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Reducing children's classroom sitting time using sit-to-stand desks: findings from pilot studies in UK and Australian primary schools.

Clemes, Stacy A., Barber, Sally E., Bingham, Daniel D., Ridgers, Nicola D., Fletcher, Elly, Pearson, Natalie, Salmon, Jo and Dunstan, David W. 2016, Reducing children's classroom sitting time using sit-to-stand desks: findings from pilot studies in UK and Australian primary schools., Journal of public health, vol. 38, no. 3, pp. 526-533, doi: 10.1093/pubmed/fdv084.

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Title Reducing children's classroom sitting time using sit-to-stand desks: findings from pilot studies in UK and Australian primary schools.
Author(s) Clemes, Stacy A.
Barber, Sally E.
Bingham, Daniel D.
Ridgers, Nicola D.ORCID iD for Ridgers, Nicola D. orcid.org/0000-0001-5713-3515
Fletcher, Elly
Pearson, Natalie
Salmon, JoORCID iD for Salmon, Jo orcid.org/0000-0002-4734-6354
Dunstan, David W.
Journal name Journal of public health
Volume number 38
Issue number 3
Start page 526
End page 533
Total pages 8
Publisher Oxford University Press (OUP)
Place of publication London, Eng.
Publication date 2016
ISSN 1741-3850
Keyword(s) activPAL
ethnic diversity
health
pilot controlled trial
sedentary behaviour
socioeconomic status
Summary BACKGROUND: This research examined the influence of sit-to-stand desks on classroom sitting time in primary school children. METHODS: Pilot controlled trials with similar intervention strategies were conducted in primary schools in Melbourne, Australia, and Bradford, UK. Sit-to-stand desks replaced all standard desks in the Australian intervention classroom. Six sit-to-stand desks replaced a bank of standard desks in the UK intervention classroom. Children were exposed to the sit-to-stand desks for 9-10 weeks. Control classrooms retained their normal seated desks. Classroom sitting time was measured at baseline and follow-up using the activPAL3 inclinometer. RESULTS: Thirty UK and 44 Australian children provided valid activPAL data at baseline and follow-up. The proportion of time spent sitting in class decreased significantly at follow-up in both intervention groups (UK: -9.8 ± 16.5% [-52.4 ± 66.6 min/day]; Australian: -9.4 ± 10% [-43.7 ± 29.9 min/day]). No significant changes in classroom sitting time were observed in the UK control group, while a significant reduction was observed in the Australian control group (-5.9 ± 11.7% [-28.2 ± 28.3 min/day]). CONCLUSIONS: Irrespective of implementation, incorporating sit-to-stand desks into classrooms appears to be an effective way of reducing classroom sitting in this diverse sample of children. Longer term efficacy trials are needed to determine effects on children's health and learning.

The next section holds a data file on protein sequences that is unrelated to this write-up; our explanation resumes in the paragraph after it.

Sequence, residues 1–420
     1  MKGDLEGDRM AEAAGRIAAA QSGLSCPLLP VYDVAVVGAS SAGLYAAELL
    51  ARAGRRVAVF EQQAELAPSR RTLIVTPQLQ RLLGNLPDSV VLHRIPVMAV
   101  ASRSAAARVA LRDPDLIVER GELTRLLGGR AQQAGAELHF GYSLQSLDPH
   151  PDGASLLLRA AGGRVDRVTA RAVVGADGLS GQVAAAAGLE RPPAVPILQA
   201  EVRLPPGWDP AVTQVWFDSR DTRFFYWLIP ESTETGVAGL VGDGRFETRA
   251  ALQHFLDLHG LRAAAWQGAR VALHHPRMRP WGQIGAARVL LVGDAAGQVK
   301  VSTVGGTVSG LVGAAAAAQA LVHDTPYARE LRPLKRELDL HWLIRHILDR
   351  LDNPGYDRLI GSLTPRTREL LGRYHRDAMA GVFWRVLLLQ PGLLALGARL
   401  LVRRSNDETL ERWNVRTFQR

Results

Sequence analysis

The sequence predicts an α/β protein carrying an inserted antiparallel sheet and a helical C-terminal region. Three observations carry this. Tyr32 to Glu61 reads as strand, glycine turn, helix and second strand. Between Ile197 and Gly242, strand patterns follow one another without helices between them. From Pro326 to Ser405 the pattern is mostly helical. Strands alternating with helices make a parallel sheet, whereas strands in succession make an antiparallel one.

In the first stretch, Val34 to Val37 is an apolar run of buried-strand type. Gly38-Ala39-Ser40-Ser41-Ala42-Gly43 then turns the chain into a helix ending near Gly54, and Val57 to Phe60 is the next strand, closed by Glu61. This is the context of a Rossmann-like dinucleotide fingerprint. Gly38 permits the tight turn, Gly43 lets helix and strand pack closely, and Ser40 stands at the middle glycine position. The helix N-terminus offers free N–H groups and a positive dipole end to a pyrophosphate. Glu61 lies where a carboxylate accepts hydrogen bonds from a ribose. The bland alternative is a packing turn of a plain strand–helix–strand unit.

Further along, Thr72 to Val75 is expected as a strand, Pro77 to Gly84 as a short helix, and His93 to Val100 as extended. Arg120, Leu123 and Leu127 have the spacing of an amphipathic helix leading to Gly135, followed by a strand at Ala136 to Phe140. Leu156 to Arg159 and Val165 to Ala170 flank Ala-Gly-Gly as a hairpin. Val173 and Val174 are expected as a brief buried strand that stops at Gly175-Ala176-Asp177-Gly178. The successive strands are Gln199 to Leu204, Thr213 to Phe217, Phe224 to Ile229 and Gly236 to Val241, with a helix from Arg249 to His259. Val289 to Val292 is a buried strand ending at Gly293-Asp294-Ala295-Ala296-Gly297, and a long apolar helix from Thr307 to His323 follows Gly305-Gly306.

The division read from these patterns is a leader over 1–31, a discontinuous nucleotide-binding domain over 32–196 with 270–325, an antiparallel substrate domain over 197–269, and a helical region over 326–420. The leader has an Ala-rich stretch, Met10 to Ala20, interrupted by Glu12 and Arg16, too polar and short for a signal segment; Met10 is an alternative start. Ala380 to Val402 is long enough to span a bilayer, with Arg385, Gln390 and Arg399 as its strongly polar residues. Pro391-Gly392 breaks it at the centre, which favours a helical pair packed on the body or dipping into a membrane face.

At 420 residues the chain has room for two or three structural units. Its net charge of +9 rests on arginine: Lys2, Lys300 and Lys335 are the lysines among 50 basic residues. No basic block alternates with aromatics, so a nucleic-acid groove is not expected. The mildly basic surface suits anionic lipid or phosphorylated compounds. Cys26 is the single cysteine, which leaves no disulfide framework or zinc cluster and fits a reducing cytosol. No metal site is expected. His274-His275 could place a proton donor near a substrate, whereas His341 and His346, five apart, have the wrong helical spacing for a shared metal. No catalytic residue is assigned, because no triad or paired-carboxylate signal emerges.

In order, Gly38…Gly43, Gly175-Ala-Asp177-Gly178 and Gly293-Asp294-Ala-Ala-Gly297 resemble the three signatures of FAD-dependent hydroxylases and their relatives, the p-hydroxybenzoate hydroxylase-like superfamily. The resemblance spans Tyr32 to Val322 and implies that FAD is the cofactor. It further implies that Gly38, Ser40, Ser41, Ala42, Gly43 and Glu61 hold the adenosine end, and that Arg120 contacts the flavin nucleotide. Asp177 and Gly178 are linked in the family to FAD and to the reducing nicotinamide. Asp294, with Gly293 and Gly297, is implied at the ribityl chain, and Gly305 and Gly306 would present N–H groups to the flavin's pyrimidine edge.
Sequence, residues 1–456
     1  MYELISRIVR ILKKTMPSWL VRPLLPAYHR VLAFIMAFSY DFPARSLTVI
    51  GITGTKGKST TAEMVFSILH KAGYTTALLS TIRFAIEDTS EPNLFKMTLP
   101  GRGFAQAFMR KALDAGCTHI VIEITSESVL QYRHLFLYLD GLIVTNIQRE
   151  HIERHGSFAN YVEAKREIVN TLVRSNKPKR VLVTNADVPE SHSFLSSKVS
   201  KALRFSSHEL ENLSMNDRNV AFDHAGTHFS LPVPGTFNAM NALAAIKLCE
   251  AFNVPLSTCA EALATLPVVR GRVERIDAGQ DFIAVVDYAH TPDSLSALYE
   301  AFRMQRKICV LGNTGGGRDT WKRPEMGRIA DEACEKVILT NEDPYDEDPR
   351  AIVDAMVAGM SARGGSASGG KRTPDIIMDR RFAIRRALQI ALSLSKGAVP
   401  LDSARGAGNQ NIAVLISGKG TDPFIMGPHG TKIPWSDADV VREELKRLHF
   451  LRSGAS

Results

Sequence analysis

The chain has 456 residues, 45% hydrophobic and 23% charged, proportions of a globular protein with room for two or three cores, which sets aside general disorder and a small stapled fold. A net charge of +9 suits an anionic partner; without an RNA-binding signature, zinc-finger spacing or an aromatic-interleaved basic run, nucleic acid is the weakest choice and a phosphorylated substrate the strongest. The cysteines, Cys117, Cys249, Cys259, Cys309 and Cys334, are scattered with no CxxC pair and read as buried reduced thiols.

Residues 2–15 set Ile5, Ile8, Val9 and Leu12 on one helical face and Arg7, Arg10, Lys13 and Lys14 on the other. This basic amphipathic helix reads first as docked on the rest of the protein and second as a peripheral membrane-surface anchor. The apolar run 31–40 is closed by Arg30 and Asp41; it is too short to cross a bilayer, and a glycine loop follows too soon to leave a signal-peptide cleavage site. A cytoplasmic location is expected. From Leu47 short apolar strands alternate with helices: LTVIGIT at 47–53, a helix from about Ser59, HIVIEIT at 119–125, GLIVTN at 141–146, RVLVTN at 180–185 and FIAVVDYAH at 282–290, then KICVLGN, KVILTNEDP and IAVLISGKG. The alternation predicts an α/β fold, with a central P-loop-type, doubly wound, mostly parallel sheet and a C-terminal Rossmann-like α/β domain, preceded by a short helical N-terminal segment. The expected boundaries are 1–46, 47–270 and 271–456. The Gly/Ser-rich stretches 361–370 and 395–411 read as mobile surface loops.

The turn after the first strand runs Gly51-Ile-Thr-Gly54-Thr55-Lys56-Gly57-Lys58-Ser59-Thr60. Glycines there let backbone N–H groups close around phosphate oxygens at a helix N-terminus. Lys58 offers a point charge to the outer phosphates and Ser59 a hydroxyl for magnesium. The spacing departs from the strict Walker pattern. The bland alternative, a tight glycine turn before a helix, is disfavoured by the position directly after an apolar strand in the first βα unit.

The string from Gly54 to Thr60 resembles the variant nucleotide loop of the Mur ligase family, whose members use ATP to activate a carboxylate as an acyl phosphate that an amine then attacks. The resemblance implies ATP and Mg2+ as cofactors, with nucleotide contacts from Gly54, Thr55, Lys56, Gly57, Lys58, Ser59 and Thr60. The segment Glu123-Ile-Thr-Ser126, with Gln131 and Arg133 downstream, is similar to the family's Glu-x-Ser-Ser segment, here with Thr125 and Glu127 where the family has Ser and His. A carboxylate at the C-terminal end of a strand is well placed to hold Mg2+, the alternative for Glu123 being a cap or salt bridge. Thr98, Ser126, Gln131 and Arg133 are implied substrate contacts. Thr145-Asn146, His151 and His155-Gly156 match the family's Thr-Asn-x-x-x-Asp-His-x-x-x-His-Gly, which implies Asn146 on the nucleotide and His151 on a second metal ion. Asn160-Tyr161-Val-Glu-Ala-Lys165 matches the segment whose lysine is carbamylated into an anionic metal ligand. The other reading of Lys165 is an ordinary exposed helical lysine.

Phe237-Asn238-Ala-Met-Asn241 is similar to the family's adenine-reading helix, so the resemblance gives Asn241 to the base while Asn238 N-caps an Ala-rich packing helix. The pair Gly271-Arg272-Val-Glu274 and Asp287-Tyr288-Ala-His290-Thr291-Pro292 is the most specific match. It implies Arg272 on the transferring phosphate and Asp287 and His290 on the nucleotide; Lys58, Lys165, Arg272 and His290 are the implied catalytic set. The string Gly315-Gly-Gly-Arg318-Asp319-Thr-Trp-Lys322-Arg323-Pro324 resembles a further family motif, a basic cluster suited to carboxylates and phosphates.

Language eng
DOI 10.1093/pubmed/fdv084
Field of Research 110602 Exercise Physiology
Socio Economic Objective 920401 Behaviour and Health
HERDC Research category C1 Refereed article in a scholarly journal
ERA Research output type C Journal article
Copyright notice ©2015, Oxford University Press (OUP)
Persistent URL http://hdl.handle.net/10536/DRO/DU:30073913

Document type: Journal Article
Collection: School of Exercise and Nutrition Sciences
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